Movie Review: Washington Square
Reviewed by Gerti
I have never been a fan of Henry James as a writer. I do however love this movie adaptation of “Washington Square,” one of his books about the upper classes and their “problems”, which in this case is a young woman’s struggle for love.
Here talented actress Jennnifer Jason Leigh plays the protagonist, Catherine, a lonely young woman despised by her domineering father. Albert Finney is the hateful old man who chooses a flighty, flirty aunt to raise his daughter. The girl turns out so socially backward and her awkward tics and mannerisms seem nearly autistic, and it looks like no one will ever want to marry her. But when a handsome young suitor appears, the father believes his money is the motive for the affection shown to the girl. Dashing Ben Chaplin plays the rogue, who for all his devious motives, turns Catherine’s life around. They kiss, they flirt, they play music together and actually spend time outside the captivity of her house. Catherine naturally falls deeply in love, but when her father maliciously refuses to allow Morris Townsend (Chaplin’s character) to marry her, Morris roughly throws her aside, ostensibly to make his fortune elsewhere.
The scenes where Morris tells Catherine of his mercenary motives and then leaves her, lying in the mud wallowing in despair, are truly pitiful. But Catherine is still not free from Morris, or her father’s hatred of him. When the old miser dies, he leaves her his house, but not his money, saying that if she ever married Morris, even that small inheritance would be taken from her. Catherine, however, finds a new calling, and runs a lovely school from her house, now filled with children whom she loves and who love her back for her innocence and gentleness. When Morris finally returns, she utterly rebuffs him, having at last come into her own power.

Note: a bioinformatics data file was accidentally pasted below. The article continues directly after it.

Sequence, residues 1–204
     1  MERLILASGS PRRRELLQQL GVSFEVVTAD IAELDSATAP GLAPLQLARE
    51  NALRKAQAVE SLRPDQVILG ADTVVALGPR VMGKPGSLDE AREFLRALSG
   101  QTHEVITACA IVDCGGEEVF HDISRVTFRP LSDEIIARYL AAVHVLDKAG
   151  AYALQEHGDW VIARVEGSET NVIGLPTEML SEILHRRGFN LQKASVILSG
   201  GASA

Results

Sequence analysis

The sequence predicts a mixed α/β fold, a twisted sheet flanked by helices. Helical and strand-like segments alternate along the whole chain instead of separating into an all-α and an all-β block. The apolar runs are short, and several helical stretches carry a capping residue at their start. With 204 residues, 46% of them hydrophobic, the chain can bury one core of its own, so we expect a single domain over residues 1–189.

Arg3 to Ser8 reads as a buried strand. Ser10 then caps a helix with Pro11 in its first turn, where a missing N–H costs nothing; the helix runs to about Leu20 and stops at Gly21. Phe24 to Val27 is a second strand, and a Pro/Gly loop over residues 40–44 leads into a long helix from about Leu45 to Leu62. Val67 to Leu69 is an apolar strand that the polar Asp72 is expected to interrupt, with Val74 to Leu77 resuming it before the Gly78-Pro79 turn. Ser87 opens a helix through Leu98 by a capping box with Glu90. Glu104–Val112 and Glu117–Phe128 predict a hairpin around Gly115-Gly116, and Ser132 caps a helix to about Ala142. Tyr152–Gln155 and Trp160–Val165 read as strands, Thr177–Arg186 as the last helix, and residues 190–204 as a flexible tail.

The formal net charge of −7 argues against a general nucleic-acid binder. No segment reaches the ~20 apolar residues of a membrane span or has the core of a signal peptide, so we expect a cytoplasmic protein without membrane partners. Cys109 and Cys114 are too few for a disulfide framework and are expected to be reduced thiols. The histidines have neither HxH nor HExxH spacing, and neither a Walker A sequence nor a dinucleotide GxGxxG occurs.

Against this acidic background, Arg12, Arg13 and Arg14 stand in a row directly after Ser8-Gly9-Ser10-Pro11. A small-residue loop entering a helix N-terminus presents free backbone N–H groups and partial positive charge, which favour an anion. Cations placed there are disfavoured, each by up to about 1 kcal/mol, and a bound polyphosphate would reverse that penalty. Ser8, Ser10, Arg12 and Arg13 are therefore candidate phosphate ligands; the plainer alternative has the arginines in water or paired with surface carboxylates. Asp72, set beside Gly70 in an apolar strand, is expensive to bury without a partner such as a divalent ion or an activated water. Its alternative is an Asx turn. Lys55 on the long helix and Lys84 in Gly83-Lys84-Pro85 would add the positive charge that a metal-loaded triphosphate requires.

There are hard scenes to watch in the movie, like when the sexually repressed aunt flirts with Morris while at the same time encouraging his suit for Catherine. But Catherine can do nothing about the nest of vipers in which she has grown up, and must try to overcome their evil intentions (and selfish motives) the best she can. The only wonder is that she does survive and thrive, despite them. The film is always entertaining, and the message is powerful, showing how Catherine grows from ugly duckling into lovely swan, even though her wings are clipped by her terrible sire so she can never fly away from him. What is her crime? Her beautiful mother died giving birth to another baby (not her), but the grief-crazed father blames Catherine since she survived, and the little boy (and his mother) did not.
The movie will move you to tears many times as you watch Catherine’s struggles for love, and watch her realization that she can’t find it from the people she loves most, including her father and Morris. The movie is filled with fine performances by all the actors. The costumes and sets are also amazingly beautiful, and I recommend it highly.